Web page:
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TSMC 4th QTR Earnings Discussion

Daniel Nenni

Admin
Staff member
Here is the Video:


The transcript:


(Presentation material is attached)

Press release:

Hsinchu, Taiwan, R.O.C., January 14, 2021 – TSMC (TWSE: 2330, NYSE: TSM) today announced consolidated revenue of NT$361.53 billion, net income of NT$142.77 billion, and diluted earnings per share of NT$5.51 (US$0.97 per ADR unit) for the fourth quarter ended December 31, 2020.

Year-over-year, fourth quarter revenue increased 14.0% while net income and diluted EPS both increased 23.0%. Compared to third quarter 2020, fourth quarter results represented a 1.4% increase in revenue and a 4.0% increase in net income. All figures were prepared in accordance with TIFRS on a consolidated basis.

In US dollars, fourth quarter revenue was $12.68 billion, which increased 22.0% year-over-year and increased 4.4% from the previous quarter.

Gross margin for the quarter was 54.0%, operating margin was 43.5%, and net profit margin was 39.5%.

In the fourth quarter, shipments of 5-nanometer accounted for 20% of total wafer revenue; 7-nanometer and 16-nanometer accounted for 29% and 13% respectively. Advanced technologies, defined as 16-nanometer and more advanced technologies, accounted for 62% of total wafer revenue.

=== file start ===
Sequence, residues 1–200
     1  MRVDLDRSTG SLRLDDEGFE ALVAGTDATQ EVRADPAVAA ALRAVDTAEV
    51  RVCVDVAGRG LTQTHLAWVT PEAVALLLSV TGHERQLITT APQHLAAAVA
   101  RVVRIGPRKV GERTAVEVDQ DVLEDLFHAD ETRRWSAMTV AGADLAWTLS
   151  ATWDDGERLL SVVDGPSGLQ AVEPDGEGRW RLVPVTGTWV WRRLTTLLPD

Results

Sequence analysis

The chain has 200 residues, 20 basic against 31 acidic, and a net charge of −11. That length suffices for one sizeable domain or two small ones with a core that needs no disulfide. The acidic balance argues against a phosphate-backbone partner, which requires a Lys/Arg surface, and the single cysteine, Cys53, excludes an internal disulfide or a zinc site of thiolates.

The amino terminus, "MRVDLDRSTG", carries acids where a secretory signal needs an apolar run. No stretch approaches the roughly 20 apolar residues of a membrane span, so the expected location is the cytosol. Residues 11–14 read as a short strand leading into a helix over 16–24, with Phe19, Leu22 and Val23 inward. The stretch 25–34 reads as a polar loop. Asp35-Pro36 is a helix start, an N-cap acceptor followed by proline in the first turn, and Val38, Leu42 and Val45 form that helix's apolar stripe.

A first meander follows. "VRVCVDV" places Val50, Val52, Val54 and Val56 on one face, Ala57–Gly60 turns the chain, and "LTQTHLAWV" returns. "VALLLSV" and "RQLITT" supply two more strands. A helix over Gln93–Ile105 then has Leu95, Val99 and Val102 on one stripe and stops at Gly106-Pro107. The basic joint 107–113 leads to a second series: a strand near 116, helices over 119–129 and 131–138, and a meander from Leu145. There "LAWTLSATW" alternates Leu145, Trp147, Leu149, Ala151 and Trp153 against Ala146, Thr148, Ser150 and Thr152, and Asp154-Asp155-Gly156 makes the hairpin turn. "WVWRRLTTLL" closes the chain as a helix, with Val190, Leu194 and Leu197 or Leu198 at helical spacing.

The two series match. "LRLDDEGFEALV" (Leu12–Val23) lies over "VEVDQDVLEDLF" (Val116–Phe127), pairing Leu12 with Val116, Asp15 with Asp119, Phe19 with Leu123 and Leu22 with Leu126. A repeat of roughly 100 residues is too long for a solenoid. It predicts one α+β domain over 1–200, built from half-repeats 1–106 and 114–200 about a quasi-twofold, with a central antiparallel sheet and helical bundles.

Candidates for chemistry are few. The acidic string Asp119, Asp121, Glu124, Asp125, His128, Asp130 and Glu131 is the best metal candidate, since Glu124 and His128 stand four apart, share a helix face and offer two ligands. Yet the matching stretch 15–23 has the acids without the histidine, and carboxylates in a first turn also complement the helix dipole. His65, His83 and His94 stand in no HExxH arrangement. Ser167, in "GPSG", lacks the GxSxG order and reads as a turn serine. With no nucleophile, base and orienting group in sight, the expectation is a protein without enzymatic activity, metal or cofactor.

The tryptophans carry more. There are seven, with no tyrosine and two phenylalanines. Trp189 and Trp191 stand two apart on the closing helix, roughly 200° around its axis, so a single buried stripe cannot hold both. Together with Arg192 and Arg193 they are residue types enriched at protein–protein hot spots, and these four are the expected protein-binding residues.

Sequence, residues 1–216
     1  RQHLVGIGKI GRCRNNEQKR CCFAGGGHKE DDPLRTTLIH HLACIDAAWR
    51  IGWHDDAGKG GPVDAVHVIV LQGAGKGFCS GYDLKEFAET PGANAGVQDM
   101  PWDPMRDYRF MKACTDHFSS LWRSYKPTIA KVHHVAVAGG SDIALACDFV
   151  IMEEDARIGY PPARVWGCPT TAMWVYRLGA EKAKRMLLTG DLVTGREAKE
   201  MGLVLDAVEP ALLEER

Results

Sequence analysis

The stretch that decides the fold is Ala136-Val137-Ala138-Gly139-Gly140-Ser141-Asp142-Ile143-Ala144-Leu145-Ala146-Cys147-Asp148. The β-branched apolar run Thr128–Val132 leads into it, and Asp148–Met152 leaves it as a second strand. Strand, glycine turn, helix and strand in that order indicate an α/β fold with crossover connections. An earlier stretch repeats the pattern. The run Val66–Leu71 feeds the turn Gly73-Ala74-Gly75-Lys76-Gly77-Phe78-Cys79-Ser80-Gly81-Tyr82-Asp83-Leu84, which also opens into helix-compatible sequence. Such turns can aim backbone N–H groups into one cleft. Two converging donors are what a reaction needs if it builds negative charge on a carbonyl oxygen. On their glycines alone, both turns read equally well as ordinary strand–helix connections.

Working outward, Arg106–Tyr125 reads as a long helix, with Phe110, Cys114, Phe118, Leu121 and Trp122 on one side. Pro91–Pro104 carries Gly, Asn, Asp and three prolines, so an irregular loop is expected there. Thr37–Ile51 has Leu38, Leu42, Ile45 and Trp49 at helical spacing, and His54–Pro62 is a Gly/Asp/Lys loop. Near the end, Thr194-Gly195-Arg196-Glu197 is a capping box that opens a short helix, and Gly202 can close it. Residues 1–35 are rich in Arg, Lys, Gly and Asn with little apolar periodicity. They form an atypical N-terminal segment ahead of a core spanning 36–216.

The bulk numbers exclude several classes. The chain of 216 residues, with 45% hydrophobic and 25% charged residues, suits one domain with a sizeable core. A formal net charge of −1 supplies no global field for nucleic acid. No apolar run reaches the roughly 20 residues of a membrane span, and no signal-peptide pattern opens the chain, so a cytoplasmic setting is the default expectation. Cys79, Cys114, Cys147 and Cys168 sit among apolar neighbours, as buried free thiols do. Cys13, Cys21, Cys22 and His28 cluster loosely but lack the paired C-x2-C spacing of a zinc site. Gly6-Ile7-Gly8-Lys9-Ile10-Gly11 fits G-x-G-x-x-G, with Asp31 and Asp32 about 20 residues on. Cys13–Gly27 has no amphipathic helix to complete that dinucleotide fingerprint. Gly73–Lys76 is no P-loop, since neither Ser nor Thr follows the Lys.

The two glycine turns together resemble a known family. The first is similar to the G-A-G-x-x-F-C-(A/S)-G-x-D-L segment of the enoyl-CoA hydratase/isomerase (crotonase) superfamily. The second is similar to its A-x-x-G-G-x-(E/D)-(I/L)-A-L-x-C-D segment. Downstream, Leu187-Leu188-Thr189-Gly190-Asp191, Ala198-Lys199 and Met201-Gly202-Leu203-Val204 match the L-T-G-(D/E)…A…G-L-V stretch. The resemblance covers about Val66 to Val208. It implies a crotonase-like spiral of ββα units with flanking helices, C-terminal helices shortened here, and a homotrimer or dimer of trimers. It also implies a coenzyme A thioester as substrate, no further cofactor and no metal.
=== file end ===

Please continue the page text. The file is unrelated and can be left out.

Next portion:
“Our fourth quarter business was supported by strong demand for our industry-leading 5-nanometer technology, driven by 5G smartphone launches and HPC-related applications,” said Wendell Huang, VP and Chief Financial Officer of TSMC. “Moving into first quarter 2021, we expect our business to be supported by HPC-related demand, recovery in the automotive segment, and a milder smartphone seasonality than in recent years.”

Based on the Company’s current business outlook, management expects the overall performance for first quarter 2021 to be as follows:

  • Revenue is expected to be between US$12.7 billion and US$13.0 billion;
And, based on the exchange rate assumption of 1 US dollar to 27.95 NT dollars,

  • Gross profit margin is expected to be between 50.5% and 52.5%;
  • Operating profit margin is expected to be between 39.5% and 41.5%.
The management further expects the 2021 capital budget to be between US$25 billion and US$28 billion.
 

Attachments

  • 4Q20Presentation(E).pdf
    607.2 KB · Views: 9

prime007

Member
$25-28b in Capex, and here we were all thinking it would be around $20b.
Yeah...that was the number that surprised the heck out of me. Tim Culpan (in Bloomberg Opinion) is stating TSMC "is making a massive move to obliterate rivals".

Culpan's key points:
1. TSMC may want to front-load spending because clients need the capacity now, not tomorrow.
2. Any customer (Apple, AMD, Qualcomm, Nvidia, carmakers) left waiting for supply is naturally inclined to shop around, so TSMC has the chance to use its resources to keep business away from rivals could be worth the money.